What an honor to have my first full-length documentary selected by The New Yorker as one of the Best Movies of 2020. Seven years in the making, this recognition is well beyond anything I had expected. Many thanks to all those who pitched in including of course the incomparable Sam Waterston, and the remarkable Keir Dullea, both gave generously of their time with jaw-dropping performances. Also like to thank my executive producers Charles Scribner III and Richard ‘Deej’ Webb.
Inspired by a 1996 New Yorker article by the esteemed Westport writer, Barbra Probst Solomon, who first connected the Gatsby dots to Westport, Deej Webb and myself picked up Barbara’s baton because her piece was ignored by the Fitzgerald scholars. Besides writing numerous books and essays, Barbara had also started a literary magazine with her good friends Saul Bellow and Norman Mailer, and yet nobody bit on her thesis.
We interviewed more than a dozen scholars, dug into the archives at Princeton, made a presentation at a Fitzgerald Society Conference in Montgomery, Alabama. We even journeyed up to Burlington Vermont when it hit 18 degrees below zero to film one of Fitzgerald’s granddaughters, who incidentally, rarely speaks to anyone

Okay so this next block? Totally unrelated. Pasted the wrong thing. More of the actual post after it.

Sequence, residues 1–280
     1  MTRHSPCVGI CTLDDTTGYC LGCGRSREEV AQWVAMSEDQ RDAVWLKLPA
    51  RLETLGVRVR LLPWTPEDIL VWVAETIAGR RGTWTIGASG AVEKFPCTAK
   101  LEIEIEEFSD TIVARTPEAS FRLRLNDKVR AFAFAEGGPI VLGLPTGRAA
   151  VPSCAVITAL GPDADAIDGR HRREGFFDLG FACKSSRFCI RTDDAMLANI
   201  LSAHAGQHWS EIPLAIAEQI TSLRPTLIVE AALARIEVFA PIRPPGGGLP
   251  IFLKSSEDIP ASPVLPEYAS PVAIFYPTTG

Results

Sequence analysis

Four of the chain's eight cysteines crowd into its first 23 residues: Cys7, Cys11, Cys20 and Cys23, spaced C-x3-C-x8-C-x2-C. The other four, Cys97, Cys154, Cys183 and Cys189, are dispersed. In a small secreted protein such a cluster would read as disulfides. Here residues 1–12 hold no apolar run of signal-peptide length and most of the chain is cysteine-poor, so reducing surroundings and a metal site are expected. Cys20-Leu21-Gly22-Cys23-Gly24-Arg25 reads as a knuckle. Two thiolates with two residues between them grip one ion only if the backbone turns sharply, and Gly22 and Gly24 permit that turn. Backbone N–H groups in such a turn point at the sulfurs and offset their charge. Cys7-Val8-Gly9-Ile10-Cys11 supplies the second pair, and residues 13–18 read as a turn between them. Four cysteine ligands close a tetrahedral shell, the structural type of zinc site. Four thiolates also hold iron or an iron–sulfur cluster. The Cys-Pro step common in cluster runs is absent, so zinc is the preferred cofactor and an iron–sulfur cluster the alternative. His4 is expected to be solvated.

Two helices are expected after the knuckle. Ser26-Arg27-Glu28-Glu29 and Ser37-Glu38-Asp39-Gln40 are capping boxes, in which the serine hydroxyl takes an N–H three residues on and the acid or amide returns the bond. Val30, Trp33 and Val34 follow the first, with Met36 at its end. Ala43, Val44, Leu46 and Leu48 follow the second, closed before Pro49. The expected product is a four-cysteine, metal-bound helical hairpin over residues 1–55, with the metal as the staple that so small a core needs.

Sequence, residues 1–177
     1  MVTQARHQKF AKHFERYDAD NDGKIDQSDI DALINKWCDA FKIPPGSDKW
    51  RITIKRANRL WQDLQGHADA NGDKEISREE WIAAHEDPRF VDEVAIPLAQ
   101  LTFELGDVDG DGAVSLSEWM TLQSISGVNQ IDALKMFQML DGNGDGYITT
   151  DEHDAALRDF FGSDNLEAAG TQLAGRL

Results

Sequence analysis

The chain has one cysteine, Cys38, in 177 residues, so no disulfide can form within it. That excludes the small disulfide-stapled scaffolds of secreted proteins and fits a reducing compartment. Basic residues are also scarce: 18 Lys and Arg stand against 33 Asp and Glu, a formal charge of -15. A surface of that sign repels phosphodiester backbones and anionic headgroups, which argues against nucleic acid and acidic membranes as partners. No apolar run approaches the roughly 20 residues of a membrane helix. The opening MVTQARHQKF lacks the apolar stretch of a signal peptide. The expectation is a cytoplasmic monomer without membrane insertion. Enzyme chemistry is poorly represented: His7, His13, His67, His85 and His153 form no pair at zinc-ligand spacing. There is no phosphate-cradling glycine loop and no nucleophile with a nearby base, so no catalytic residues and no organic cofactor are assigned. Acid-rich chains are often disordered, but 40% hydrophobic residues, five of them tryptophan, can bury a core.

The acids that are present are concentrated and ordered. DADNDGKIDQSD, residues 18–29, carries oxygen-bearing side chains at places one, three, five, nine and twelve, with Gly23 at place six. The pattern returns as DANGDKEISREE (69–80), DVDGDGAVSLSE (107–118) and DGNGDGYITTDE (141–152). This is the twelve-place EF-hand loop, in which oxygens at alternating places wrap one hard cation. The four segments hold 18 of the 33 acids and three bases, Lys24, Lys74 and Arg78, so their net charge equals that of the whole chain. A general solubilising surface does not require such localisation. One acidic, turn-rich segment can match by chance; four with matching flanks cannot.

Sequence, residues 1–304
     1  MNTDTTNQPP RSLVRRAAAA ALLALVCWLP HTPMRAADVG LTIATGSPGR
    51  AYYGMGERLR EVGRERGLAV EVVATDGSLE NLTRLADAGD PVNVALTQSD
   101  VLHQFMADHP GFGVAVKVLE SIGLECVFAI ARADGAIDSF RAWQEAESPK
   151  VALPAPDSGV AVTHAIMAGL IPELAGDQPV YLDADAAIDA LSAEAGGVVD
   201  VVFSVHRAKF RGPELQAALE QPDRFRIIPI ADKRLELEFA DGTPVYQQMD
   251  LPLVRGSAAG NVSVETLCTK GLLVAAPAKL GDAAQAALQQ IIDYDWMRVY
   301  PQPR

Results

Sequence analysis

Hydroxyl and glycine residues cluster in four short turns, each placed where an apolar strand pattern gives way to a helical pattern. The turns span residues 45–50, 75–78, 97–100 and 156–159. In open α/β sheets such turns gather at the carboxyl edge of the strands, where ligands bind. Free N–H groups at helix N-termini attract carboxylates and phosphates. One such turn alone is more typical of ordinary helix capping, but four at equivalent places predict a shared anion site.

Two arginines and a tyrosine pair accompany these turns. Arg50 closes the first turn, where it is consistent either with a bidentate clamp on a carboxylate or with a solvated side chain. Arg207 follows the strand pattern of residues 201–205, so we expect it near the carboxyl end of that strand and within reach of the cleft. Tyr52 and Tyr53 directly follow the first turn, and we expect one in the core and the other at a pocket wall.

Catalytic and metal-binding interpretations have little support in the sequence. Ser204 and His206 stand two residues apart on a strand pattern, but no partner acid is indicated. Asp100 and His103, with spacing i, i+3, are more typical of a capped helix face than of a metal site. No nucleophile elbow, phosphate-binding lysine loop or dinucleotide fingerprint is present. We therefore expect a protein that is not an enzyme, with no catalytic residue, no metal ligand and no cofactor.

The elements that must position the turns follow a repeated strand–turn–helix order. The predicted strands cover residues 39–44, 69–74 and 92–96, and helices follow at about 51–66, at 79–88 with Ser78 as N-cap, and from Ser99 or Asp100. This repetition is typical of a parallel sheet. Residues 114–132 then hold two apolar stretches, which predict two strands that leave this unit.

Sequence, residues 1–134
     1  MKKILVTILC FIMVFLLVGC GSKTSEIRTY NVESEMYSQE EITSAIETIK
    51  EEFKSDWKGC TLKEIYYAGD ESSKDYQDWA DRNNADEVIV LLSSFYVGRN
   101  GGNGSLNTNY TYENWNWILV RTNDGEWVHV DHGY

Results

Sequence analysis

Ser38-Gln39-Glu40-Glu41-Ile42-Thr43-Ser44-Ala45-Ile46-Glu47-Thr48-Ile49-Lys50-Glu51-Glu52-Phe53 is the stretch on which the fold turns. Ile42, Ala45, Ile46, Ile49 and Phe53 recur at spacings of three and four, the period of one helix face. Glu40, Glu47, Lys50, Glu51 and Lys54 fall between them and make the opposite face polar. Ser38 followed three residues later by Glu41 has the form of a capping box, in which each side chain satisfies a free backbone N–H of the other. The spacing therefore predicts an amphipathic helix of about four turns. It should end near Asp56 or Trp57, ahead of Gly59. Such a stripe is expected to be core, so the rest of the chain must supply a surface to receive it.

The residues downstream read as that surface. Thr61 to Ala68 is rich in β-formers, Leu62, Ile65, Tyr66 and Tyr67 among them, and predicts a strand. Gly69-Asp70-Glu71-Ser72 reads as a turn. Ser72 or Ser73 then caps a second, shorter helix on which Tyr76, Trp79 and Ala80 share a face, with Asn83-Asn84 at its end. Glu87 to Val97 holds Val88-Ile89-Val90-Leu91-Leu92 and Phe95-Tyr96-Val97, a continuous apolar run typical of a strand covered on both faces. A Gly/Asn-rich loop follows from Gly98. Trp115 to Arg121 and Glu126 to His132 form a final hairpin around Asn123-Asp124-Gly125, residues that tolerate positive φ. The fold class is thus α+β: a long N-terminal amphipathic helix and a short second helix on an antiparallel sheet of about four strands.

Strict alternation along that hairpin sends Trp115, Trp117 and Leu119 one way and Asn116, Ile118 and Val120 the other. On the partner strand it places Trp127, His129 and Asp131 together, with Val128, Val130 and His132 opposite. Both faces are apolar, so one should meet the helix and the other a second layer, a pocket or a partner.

What we uncovered was not only surprising, it made us realize that the Westport Fitzgerald home was much more than just about Gatsby, which let’s face it, should suffice for any literary buff (come to the event to learn more).
But the narrative isn’t just about what happened here in 1920, it’s about what’s happening today. This remarkable home is still unprotected–meaning, anyone could buy it and make it tomorrow’s Teardown of the Day, just like Ray Bradbury’s home in Los Angeles, which in 2015 was torn down before anyone could stop it.